Audience: Young adult fantasy
Length: 400 pages
Author: Emily A. Duncan
Publisher: Wednesday Books
Expected Release Date: April 2nd, 2019
Image & Other Reviews on: Goodreads
A girl who can speak to gods must save her people without destroying herself.
A prince in danger must decide who to trust.
A boy with a monstrous secret waits in the wings.
Together, they must assassinate the king and stop the war.
In a centuries-long war where beauty and brutality meet, their three paths entwine in a shadowy world of spilled blood and mysterious saints, where a forbidden romance threatens to tip the scales between dark and light. Wicked Saints is the thrilling start to Emily A. Duncan’s devastatingly Gothic Something Dark and Holy trilogy.
*Note: I was given this book in exchange for an honest review. Thank you to Netgalley and the publisher, Wednesday Books, for the opportunity to read Wicked Saints. Publication date, etc. subject to change.
OOO, I LIKED THIS.
I have so many questions, in the best way possible. This was a great opening book and I think this will be a fantastic series.
I was immediately thrown into an action scene where I didn’t know anything, but was totally captivated. I think that scene on its own will have further implications in the following books.
I had the hardest time pronouncing all of these names though, especially the gods. They’re a lot of characters. And often they are thrown together quickly. It took me longer to accept meetings/relationships than it did in the book because I wasn’t sure how everyone was so quickly trusting in the middle of a war.
The only issue I had was that the book could honestly, be a little longer. Now hear me out, whenever I read a scene that seemed very important to the series I felt it wasn’t long enough to grasp the whole picture. There were so many things happening in this book that it’s occasionally hard to keep up. More time could’ve been spent on getting to know others, fully forming plans, action scenes, etc.
Nadya is still growing on me. I liked her and think her character is going to have some great refinement over the next two installments. She’s a little naive and so rigorously faithful that it becomes her downfall. Nadya could stand to be a little more wicked. Especially since I feel this was the entire point of the book. She hasn’t actually done anything just yet.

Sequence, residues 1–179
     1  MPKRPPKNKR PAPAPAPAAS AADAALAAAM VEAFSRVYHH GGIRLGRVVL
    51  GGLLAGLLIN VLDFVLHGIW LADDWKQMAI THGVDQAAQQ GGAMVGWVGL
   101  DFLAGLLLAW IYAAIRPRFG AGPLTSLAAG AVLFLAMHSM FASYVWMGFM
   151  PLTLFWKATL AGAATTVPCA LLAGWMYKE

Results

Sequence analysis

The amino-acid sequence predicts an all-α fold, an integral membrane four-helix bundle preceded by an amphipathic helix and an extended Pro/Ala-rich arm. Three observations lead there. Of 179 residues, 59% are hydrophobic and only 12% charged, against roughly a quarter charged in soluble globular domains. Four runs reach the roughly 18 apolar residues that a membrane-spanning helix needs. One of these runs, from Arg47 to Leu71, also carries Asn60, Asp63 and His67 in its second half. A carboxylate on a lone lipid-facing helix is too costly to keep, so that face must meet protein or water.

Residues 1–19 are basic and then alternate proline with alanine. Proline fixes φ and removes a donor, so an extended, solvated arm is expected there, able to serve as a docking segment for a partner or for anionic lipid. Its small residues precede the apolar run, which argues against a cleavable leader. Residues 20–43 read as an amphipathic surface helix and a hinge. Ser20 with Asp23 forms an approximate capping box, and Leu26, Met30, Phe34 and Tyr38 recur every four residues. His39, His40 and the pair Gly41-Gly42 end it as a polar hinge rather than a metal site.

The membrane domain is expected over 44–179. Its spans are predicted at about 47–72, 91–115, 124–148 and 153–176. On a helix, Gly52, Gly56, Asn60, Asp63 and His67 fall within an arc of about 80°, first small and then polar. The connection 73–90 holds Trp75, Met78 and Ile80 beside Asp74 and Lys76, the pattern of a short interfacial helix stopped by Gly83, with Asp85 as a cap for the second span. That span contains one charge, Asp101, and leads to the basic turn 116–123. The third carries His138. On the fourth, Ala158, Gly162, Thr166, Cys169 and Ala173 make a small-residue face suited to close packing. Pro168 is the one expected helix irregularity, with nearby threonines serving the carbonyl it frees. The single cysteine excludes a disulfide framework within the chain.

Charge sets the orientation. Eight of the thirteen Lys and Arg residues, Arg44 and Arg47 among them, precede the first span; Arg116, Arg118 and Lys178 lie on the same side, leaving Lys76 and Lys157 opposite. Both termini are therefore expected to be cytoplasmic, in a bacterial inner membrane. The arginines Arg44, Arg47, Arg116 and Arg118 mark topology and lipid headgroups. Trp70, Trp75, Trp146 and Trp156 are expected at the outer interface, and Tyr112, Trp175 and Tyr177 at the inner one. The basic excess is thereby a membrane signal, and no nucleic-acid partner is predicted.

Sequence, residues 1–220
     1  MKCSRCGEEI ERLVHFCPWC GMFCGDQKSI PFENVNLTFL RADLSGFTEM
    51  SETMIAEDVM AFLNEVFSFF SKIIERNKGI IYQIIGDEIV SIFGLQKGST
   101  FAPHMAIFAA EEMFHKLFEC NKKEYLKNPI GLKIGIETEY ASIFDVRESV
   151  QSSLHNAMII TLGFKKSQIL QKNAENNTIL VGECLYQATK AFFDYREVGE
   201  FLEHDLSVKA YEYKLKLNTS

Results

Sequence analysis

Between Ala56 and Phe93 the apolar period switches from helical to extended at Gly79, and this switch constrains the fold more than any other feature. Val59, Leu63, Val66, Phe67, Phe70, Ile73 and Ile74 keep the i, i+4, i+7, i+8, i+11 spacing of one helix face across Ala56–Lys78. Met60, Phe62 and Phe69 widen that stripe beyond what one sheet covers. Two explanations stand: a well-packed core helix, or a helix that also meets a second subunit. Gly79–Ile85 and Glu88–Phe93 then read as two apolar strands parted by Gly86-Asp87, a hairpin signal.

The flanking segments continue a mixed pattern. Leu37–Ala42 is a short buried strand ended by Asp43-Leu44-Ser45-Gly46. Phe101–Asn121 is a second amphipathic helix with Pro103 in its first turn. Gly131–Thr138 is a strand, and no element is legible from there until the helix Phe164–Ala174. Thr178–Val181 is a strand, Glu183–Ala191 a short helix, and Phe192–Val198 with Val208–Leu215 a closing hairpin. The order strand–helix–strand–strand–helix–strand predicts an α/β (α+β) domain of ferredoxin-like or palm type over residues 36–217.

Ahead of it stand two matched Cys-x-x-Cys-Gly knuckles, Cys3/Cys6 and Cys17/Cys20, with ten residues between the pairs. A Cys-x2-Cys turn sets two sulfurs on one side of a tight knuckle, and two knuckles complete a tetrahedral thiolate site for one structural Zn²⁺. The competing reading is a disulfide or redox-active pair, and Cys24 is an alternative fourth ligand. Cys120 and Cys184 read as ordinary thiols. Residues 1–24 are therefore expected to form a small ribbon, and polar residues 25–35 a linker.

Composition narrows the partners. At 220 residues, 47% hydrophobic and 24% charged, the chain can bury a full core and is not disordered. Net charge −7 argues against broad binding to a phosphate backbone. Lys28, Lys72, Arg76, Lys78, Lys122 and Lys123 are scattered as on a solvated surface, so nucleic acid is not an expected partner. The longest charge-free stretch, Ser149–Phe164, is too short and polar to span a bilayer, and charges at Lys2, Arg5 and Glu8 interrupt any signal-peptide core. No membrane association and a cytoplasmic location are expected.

Malachiasz on the other hand, totally baffled me. I went from: eh → you’re okay → I kinda like you → wait a second → oh no he didn’t → NOW WHAT HAPPENS? all in the course of this book. He took me on a ride and his broken, damaged soul is one to watch for. He’s the actual Wicked one and his buddies need to catch up.
Lastly, are dear Prince Serefin is an interesting character who I think will have a bigger role come book two. He’s here and he does a lot, but his story really picked up right at the end. I enjoyed his wit and charisma and am ever so curious how he will fare.
There’s plenty of world-building and a lot of religious discussions. I liked how Duncan wove the various religions with society and politics and with how religion and magic work [or not] together. I kept debating with myself which side I felt was the more trust worthy/best choice for Nadya because there’s a strong emphasis on listening, learning and not assuming you already know everything about someone’s beliefs. I’m even sitting here now trying to plot the entire series. I love when there isn’t a major cliffhanger, but enough open-endedness that you can hardly wait for the next one.
Overall audience notes:
- Young adult fantasy
- Very little language
- Violence: arrows, death, murder, torture, abuse, knives, etc.
- Romance: light kisses, to intense make-outs
- Trigger warnings: child abuse, self-harm, excessive use of alcohol